As your baby is sweating away the fever, it's essential to keep her nice and hydrated. For babies under 6 months who haven't started solids yet, this means increasing breast or bottle feedings. For older babies, offer cool yogurt or cottage cheese.

I've also frozen juices before, and then used a spoon to scrape the juice into a slushie, spoon feeding them as a cool treat. Mild juices, like apple or pear are the best choices for this, as babies as young as 6 months can digest those fruit enzymes. Older babies (a year and over) may enjoy a yogurt pop, just make sure he doesn't bite off any large chunks.

      Sidenote: I've written a free booklet on when it's safe to introduce your baby to certain foods and juices. Download The Ultimate Baby Food Guide, a free pdf.

Besides these food remedies, Mom's Magic Trauma Sprinkles is a homeopathic remedy that can help calm and comfort your infant. A calm baby is a healing baby. These sprinkles instantly dissolve on the tongue and are safe for babies as young as 6 months old.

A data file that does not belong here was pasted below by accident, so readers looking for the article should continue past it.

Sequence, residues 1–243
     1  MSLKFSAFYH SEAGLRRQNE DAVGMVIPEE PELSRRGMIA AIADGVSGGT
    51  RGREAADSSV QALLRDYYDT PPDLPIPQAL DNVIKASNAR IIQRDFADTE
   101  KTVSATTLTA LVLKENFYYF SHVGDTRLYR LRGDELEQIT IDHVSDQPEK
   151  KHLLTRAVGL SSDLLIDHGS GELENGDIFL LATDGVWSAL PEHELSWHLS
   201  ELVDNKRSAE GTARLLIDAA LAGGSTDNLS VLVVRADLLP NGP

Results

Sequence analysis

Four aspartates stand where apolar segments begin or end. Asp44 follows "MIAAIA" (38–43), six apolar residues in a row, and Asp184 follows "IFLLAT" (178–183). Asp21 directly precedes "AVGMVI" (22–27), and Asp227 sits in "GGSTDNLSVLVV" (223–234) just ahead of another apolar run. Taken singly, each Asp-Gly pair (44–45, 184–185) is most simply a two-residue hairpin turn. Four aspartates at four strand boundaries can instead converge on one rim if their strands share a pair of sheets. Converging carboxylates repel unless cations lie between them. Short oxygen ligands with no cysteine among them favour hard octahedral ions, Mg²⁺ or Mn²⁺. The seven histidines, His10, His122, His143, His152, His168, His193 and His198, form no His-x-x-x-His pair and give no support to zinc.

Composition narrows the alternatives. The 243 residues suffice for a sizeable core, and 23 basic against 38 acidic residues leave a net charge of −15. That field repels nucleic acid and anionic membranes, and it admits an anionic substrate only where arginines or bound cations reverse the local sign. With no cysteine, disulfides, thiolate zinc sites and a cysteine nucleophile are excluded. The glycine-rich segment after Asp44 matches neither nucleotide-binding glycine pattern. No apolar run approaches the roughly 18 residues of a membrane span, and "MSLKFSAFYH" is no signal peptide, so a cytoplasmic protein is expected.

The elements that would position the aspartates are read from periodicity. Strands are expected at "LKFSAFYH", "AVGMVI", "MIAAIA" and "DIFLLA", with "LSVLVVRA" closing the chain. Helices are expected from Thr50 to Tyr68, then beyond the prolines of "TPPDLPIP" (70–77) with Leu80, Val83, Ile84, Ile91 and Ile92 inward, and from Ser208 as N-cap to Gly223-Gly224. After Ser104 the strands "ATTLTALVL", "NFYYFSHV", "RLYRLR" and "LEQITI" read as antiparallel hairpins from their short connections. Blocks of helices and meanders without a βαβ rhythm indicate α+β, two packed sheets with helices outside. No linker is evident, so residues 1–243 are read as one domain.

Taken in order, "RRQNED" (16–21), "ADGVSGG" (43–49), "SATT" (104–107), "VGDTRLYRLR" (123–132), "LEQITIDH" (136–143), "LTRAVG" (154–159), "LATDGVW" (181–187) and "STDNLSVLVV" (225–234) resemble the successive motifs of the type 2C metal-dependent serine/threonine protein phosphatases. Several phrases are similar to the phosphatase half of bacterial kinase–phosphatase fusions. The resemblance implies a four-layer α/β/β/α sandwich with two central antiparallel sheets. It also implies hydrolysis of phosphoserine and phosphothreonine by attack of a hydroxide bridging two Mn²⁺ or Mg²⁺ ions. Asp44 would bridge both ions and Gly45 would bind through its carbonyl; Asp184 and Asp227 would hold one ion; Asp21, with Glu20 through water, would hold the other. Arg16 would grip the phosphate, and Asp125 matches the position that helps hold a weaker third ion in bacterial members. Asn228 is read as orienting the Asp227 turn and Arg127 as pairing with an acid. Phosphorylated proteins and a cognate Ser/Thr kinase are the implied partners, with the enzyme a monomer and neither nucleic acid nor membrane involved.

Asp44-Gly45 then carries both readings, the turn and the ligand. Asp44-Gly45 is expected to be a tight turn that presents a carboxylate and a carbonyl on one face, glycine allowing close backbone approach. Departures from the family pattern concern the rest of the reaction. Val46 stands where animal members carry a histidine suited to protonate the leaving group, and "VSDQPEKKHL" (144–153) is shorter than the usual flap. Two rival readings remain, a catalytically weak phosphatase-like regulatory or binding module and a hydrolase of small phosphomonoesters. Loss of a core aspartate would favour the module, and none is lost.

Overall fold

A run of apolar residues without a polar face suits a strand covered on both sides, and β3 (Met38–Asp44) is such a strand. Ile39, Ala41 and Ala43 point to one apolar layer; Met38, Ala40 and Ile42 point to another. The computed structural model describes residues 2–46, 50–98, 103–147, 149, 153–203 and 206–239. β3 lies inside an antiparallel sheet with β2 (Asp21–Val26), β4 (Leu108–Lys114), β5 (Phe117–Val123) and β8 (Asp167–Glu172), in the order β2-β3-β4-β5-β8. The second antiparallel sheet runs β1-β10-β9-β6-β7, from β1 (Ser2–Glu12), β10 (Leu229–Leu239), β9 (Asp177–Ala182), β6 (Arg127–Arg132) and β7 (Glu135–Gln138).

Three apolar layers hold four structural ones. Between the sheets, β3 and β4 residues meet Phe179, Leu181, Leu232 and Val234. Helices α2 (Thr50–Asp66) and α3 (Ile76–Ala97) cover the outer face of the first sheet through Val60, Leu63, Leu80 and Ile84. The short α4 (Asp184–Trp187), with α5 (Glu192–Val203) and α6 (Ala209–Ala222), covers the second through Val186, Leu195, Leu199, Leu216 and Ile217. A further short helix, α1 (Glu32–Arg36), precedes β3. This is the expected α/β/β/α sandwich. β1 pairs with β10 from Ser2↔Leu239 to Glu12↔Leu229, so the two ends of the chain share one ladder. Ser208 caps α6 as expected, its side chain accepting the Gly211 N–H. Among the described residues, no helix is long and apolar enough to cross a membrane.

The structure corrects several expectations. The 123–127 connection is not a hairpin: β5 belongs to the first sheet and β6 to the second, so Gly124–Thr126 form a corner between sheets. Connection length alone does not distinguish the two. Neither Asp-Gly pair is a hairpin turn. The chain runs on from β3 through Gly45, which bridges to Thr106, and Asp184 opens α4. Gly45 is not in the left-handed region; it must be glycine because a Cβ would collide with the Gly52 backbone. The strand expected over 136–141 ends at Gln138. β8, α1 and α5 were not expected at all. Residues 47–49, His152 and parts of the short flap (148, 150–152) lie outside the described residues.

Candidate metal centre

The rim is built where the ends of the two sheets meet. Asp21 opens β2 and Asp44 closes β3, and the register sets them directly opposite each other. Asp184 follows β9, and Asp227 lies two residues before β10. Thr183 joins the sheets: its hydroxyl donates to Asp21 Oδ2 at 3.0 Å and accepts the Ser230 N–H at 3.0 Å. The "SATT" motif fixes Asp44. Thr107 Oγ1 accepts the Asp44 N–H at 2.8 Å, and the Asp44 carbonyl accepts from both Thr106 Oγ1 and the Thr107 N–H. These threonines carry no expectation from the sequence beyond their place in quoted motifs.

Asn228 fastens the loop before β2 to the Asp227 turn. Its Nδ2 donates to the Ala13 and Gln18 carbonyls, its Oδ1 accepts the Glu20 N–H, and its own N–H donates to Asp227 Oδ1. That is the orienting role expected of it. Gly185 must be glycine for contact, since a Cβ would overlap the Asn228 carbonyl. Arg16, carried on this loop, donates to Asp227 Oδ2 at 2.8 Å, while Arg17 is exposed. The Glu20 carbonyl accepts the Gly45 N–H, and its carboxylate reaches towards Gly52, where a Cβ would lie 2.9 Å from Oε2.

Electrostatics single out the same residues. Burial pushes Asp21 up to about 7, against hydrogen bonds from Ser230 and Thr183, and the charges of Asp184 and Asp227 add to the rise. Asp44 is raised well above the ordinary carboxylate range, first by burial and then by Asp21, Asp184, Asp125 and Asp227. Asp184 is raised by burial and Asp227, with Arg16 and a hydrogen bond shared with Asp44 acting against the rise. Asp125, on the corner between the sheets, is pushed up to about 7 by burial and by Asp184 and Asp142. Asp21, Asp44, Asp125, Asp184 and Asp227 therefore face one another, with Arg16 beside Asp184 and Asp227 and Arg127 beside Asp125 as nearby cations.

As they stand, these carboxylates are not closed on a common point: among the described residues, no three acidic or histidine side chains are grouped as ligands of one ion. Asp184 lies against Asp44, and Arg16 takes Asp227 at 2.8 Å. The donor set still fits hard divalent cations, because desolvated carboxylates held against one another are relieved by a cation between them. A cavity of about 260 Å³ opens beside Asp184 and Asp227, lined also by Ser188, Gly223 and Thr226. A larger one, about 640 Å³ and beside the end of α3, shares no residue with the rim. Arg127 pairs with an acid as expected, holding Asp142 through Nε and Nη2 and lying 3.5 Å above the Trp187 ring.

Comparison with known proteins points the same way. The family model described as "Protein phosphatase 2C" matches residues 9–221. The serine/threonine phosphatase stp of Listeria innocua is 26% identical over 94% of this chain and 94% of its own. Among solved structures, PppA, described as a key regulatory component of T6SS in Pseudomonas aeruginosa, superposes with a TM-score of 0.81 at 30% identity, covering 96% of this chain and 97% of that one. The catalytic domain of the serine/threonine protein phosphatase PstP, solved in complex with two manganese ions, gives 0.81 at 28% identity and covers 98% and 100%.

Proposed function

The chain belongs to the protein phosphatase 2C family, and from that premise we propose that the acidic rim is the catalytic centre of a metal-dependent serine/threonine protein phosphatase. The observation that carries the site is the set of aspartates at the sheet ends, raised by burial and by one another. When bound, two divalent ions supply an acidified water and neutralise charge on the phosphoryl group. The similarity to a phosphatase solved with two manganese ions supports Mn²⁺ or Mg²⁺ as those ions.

What About Tea?

Weak tea, even herbal varieties, is not recommended. The reason? The polyphenols in tea keeps iron from being absorbed. And iron is vital for healthy infant growth and development.

That said, I do know several families who have stirred weak chamomile tea into a bottle of formula. Call your doctor to discuss this treatment as an option. He can help you weigh the possible pros and cons.

If you do decide to give your baby tea, I would use only herbal or non-caffeinated versions. Sweetening with honey is not advisable for babies under 12 months.